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With Lansing votes, nine Michigan Starbucks stores move to unionize

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Sophia Kalakailo | Michigan Radio
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Organizers from the Starbucks Workers United Huron Valley Coalition celebrate when they learn their store voted to unionize.

Two Greater Lansing Starbucks stores voted to unionize Thursday. It’s part of a growing wave of workers organizing at the coffee chain.

More than a dozen workers and supporters gathered Thursday at the Lake Lansing store for a Zoom watch party of the union vote count.

Grace Norris works at that store. She says she’s been talking to workers about unionization efforts since last December.

“I think for me personally it was about the fact that I have a lot of respect for the work that we do and I believe that we deserve to have a say in our work environment and we deserve to feel supported by our job,” Norris said.

Norris says she makes $13 dollars an hour and is hoping to bargain for higher wages.

In a unanimous vote, workers at a store in East Lansing also voted to unionize. So far, nine Michigan Starbucks stores have voted in favor of a union.

Original Post:

Five Michigan Starbucks stores in voted on whether to unionize Tuesday. All but one voted yes.

Organizers from the Starbucks Workers United Huron Valley Coalition gathered outside the Starbucks on State Street in Ann Arbor to watch votes be tallied on Tuesday.

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Sophia Kalakailo
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Organizers from the Starbucks Workers United Huron Valley Coalition gather outside an Ann Arbor Starbucks awaiting the results of elections to authorize unions at five stores.

The five stores voted individually. The Starbucks located on South University on University of Michigan's campus was the only one that did not authorize a union.

Lindsey Calka is a union organizer and employee at a now-unionized Starbucks. She said the next step is bargaining and organizing at the national level.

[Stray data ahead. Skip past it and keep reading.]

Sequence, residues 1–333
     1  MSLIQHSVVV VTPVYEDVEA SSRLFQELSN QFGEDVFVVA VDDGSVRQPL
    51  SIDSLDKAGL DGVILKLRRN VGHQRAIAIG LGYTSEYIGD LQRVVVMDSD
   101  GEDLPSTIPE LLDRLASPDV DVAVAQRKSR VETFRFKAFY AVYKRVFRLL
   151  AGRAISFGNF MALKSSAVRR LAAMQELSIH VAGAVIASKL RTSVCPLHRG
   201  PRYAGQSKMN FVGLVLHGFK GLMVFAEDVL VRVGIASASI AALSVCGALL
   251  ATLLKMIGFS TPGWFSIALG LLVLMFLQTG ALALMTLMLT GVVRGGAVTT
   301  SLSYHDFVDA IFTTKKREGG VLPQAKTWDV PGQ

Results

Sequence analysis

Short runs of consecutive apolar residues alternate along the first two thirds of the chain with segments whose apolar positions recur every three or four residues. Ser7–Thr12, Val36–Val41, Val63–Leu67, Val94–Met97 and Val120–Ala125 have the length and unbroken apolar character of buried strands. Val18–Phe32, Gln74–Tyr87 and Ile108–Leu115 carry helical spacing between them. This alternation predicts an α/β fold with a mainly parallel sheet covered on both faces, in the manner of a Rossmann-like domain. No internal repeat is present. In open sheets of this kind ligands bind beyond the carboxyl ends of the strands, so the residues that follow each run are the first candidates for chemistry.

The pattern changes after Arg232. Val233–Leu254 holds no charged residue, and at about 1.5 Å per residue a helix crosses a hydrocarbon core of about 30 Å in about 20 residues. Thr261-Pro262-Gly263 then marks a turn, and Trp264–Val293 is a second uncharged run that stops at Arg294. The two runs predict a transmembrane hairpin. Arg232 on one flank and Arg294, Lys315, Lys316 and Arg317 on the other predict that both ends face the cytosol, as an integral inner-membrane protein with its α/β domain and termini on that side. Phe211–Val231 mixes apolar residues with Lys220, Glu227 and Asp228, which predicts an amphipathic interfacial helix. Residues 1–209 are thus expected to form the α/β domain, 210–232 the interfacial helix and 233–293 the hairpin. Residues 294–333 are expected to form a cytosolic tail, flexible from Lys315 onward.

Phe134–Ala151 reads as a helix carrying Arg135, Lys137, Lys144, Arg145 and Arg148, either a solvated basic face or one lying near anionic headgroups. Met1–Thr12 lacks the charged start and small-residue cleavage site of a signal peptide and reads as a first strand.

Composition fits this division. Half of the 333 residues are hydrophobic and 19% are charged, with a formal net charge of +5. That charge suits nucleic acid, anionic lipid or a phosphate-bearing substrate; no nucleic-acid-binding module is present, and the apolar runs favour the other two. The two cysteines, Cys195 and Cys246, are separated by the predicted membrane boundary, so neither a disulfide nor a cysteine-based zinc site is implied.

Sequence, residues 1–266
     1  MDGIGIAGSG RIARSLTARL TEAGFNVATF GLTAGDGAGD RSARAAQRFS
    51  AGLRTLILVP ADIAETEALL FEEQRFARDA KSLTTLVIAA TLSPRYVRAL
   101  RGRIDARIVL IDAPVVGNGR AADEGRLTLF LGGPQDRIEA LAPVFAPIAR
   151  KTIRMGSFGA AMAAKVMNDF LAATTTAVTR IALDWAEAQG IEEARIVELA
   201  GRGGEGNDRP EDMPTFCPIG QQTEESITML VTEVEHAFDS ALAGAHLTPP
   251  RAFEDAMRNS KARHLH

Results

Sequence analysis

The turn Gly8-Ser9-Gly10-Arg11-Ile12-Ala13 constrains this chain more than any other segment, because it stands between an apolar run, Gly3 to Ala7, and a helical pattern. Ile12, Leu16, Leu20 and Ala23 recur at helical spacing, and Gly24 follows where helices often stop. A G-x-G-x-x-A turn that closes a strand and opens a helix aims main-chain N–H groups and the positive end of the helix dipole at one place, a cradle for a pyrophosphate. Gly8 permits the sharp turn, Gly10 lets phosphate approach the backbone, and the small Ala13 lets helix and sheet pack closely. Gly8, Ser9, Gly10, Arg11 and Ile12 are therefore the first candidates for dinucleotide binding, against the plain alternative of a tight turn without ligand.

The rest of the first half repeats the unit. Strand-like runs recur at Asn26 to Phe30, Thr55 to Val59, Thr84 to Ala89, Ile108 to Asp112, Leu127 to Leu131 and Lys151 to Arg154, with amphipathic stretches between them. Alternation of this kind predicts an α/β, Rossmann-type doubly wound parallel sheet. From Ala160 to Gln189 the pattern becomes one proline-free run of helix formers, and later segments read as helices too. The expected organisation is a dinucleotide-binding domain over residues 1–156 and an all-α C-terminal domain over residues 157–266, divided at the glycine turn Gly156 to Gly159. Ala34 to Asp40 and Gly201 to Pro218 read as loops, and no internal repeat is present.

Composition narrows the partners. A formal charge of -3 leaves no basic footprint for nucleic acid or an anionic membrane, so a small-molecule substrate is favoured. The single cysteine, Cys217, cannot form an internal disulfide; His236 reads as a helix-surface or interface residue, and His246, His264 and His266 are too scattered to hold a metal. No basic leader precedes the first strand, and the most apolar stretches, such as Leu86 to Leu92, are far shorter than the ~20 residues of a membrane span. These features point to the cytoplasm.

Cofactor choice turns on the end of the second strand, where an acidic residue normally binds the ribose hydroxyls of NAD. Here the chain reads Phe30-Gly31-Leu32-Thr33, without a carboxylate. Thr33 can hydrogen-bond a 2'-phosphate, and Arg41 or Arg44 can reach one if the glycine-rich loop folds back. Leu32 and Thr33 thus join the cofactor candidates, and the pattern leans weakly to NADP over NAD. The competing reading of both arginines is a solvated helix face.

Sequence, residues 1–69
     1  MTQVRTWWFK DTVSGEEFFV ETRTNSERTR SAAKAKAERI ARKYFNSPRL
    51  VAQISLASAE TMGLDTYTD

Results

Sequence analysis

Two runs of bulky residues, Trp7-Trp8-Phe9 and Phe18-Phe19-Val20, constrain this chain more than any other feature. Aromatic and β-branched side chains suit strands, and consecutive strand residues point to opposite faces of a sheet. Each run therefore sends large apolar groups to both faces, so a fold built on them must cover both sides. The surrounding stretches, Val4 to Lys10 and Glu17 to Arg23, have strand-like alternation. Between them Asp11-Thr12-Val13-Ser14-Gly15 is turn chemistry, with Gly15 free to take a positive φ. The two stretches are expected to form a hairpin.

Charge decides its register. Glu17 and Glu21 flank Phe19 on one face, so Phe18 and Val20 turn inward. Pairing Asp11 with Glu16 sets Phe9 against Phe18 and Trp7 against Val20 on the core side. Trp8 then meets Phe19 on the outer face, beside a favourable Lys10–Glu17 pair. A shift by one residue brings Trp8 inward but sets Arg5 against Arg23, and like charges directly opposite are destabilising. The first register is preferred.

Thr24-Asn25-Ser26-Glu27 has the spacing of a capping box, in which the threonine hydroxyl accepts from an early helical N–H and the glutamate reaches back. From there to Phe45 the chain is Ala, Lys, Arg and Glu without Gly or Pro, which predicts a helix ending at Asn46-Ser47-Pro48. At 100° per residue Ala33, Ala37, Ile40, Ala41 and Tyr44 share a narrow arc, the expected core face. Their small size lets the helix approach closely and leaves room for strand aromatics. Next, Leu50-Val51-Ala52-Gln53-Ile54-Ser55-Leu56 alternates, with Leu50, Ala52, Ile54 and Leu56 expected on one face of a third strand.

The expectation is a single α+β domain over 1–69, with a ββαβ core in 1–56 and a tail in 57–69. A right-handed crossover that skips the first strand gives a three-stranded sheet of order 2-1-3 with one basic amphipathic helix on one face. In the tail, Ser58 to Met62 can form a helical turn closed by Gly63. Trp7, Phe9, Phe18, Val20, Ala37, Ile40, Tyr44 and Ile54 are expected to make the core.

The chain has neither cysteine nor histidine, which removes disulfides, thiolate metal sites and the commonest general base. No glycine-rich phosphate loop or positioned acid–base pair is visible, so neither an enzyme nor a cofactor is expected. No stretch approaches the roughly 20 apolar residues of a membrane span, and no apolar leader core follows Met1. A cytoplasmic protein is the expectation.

"I'm ecstatic. Period. Probably some people are bummed that we did lose that final store," she said. "And it is a bummer, but I don't think it affects our power as a coalition at all… [The South University Starbucks] will be affected by the wins that we make in our individual stores, I think, no matter what. And if they don't, we'll… take action so that they are protected.”

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Sophia Kalakailo
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Hannah Whitbeck calls off the results of each Starbucks location's union election. The count took place on Zoom and workers gathered for a watch party outside an Ann Arbor Starbucks.

Calka attributes the coalition’s loss at the particular store to

Astudent workers leaving for the summer resulting in fewer being eligible to vote.

The Ann Arbor area stores filed to unionize in February, but Starbucks challenged the petitions with the National Labor Relations Board (NLRB), arguing the workers needed to vote as a district, not as individual stores. The labor board ultimately rejected the challenge allowing workers to vote by individual store.

Calka said workers' main concerns include COVID-19 precautions, wages, and production pressure.

“That's been kind of the three main camps of issues that people are bringing to us but we haven't sat down and formalized actual demands yet,” she said.

They wrote out some of their demands in a letter to former Starbucks CEO, Kevin Johnson earlier this year.

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Sophia Kalakailo
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Starbucks union organizers celebrate as votes are tabulated store by store. Five stores in the Ann Arbor area voted and all but one authorized a union.

Votes from five more Michigan Starbucks locations will be counted later this week.

“All [of] Michigan, all across the country, all these stores are working together for the same goal,” said East Lansing Starbucks employee Emily Grasel. "So we stand together in solidarity.”

In statements to news outlets, Starbucks has said it's committed to working with its store employees as partners, but believes the company is better off without unions.

“We're hoping our union isn't just going to be a vehicle for our pay and benefits, but it's going to be a tool to fight for worker power throughout the county and hopefully throughout Michigan and then the country and then the world, “ said union organizer Ruby Barron. “But it's only one step at a time, but it's got to start somewhere.”

As WKAR's Bilingual Latinx Stories Reporter, Michelle reports in both English and Spanish on stories affecting Michigan's Latinx community. Michelle is also the voice of WKAR's weekend news programs.